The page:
Thursday, April 23, 2009

Imaginary laws

"You have to stay to the side of the road."

The words were shouted at me by a motorist as he crowded me out of the lane.

This was Tuesday, on hwy 34 about four miles from Ennis, traveling west.

This particular motorist, driving a white SUV and towing a utility trailer, had been having a difficult time finding a safe place to pass, due to oncoming traffic and terrain.

He honked at me, and must have been surprised when I didn't pull over out of his way. When he finally had an opportunity to pass me (after being delayed for about 45 seconds) he pulled up in the oncoming lane and slowed down to pace me. His passenger window was down and he was screaming something at me.

At the same time he began crowding me with his vehicle, forcing me to give way toward the edge of the lane. I was tempted to begin pounding on the side panels of his car, but the trailer was wider than his vehicle and it spooked me. (This is usually rather effective though. The pounding can be very loud inside, and can be quite frightening for the motorist, while being unlikely to cause damage.)

Not understanding what he was saying, I yelled at him to "Follow the Law." I repeated it about three times. In the end, he crowded me all the way off the shoulder into the grass, then he sped away. He did this with two vehicles following behind him. The confrontation lasted about 10 seconds.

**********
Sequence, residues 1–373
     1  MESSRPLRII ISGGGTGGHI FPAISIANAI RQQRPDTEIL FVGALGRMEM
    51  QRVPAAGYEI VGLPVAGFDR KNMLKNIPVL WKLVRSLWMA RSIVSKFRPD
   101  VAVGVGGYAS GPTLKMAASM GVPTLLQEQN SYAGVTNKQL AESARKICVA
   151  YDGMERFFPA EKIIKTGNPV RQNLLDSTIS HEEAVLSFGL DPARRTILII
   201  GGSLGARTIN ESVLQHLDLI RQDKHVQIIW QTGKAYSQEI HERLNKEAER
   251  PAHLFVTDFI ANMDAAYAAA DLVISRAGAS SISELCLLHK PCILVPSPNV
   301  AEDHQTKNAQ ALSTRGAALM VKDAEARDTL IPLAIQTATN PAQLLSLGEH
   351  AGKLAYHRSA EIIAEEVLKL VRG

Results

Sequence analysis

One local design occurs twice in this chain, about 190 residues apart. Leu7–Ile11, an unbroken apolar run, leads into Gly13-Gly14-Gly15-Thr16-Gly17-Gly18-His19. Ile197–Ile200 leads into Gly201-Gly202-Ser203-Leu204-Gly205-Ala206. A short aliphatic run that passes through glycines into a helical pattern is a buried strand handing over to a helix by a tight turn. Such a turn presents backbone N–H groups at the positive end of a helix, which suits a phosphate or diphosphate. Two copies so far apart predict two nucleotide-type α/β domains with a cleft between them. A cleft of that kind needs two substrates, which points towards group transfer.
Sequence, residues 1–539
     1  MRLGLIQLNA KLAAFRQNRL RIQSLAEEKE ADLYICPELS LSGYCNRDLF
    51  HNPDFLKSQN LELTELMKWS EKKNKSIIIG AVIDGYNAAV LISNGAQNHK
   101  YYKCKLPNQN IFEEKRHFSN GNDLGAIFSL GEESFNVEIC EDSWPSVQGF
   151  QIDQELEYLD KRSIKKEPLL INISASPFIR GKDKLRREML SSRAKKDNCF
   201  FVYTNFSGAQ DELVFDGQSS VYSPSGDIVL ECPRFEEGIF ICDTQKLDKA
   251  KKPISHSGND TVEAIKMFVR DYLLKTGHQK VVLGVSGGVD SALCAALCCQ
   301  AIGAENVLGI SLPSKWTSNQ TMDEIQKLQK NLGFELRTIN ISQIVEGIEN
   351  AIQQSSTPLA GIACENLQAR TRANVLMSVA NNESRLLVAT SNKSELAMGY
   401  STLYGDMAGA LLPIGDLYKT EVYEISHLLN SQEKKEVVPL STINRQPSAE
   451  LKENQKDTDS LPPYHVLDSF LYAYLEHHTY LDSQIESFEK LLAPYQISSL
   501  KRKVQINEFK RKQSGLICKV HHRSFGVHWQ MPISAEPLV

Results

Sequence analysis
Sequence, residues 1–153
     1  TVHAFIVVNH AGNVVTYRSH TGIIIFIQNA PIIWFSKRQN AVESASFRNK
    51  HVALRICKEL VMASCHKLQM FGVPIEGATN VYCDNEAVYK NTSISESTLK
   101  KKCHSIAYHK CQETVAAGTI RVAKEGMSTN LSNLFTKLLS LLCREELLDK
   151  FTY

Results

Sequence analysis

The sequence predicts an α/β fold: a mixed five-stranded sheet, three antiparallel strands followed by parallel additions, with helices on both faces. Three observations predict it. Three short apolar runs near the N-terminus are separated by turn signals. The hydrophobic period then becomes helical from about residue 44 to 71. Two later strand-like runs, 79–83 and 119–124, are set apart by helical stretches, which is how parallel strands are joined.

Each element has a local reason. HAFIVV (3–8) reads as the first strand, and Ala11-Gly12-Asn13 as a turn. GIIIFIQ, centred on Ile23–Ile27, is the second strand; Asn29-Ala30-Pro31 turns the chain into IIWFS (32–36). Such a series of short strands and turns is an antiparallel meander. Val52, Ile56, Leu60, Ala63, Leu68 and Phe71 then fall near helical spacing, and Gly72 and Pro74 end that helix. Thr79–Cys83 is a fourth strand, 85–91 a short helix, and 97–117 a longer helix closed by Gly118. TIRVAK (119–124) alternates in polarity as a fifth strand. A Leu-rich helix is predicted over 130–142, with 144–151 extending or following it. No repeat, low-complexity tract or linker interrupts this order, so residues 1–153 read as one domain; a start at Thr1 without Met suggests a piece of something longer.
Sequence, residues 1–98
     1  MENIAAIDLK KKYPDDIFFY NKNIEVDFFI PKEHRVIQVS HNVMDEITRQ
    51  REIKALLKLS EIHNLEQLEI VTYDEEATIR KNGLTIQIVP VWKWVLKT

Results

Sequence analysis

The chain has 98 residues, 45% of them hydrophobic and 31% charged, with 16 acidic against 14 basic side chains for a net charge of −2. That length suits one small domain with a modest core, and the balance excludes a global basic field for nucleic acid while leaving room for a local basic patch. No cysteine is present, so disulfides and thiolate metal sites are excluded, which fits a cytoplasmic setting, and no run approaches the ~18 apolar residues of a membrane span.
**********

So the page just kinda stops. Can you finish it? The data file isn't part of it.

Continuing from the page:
(a) An operator passing another vehicle:

(1) shall pass to the left of the other vehicle at a safe distance; and
(2) may not move back to the right side of the roadway until safely clear of the passed vehicle.

(b) An operator being passed by another vehicle:

(1) shall, on audible signal, move or remain to the right in favor of the passing vehicle; and
(2) may not accelerate until completely passed by the passing vehicle.

At a minimum he violated this law, and I complied with it. I was riding legally in the lane in accordance with the slow moving vehicle law and bicycle specific lane positioning law. He failed to pass me at a safe distance (Sec. 545.053(a)(1)) and he pulled back into the lane when before he was properly clear of me. (Sec. 545.053(a)(2)) He did this with full knowledge of what he was doing as he was looking at me through his passenger side window.


(a) A person commits an offense if the person drives a vehicle in willful or wanton disregard for the safety of persons or property.

(b) An offense under this section is a misdemeanor punishable by:

(1) a fine not to exceed $200;
(2) confinement in county jail for not
more than 30 days; or
(3) both the fine and the confinement.

Because he deliberately used his vehicle as a weapon, he also committed a reckless driving offense, wouldn't you say?


  1. How about this one:

    Sec. 551.103. Operation on Roadway.

    (a) Except as provided by Subsection (b), a person operating a bicycle on a roadway who is moving slower than the other traffic on the roadway shall ride as near as practicable to the right curb or edge of the roadway, unless:

    (1) the person is passing another vehicle moving in the same direction;

    (2) the person is preparing to turn left at an intersection or onto a private road or driveway; or

    (3) a condition on or of the roadway, including a fixed or moving object, parked or moving vehicle, pedestrian, animal, or surface hazard prevents the person from safely riding next to the right curb or edge of the roadway.

    (4) the person is operating a bicycle in an outside lane that is:
    (A) less than 14 feet in width and does not have a designated bicycle lane adjacent to that lane; or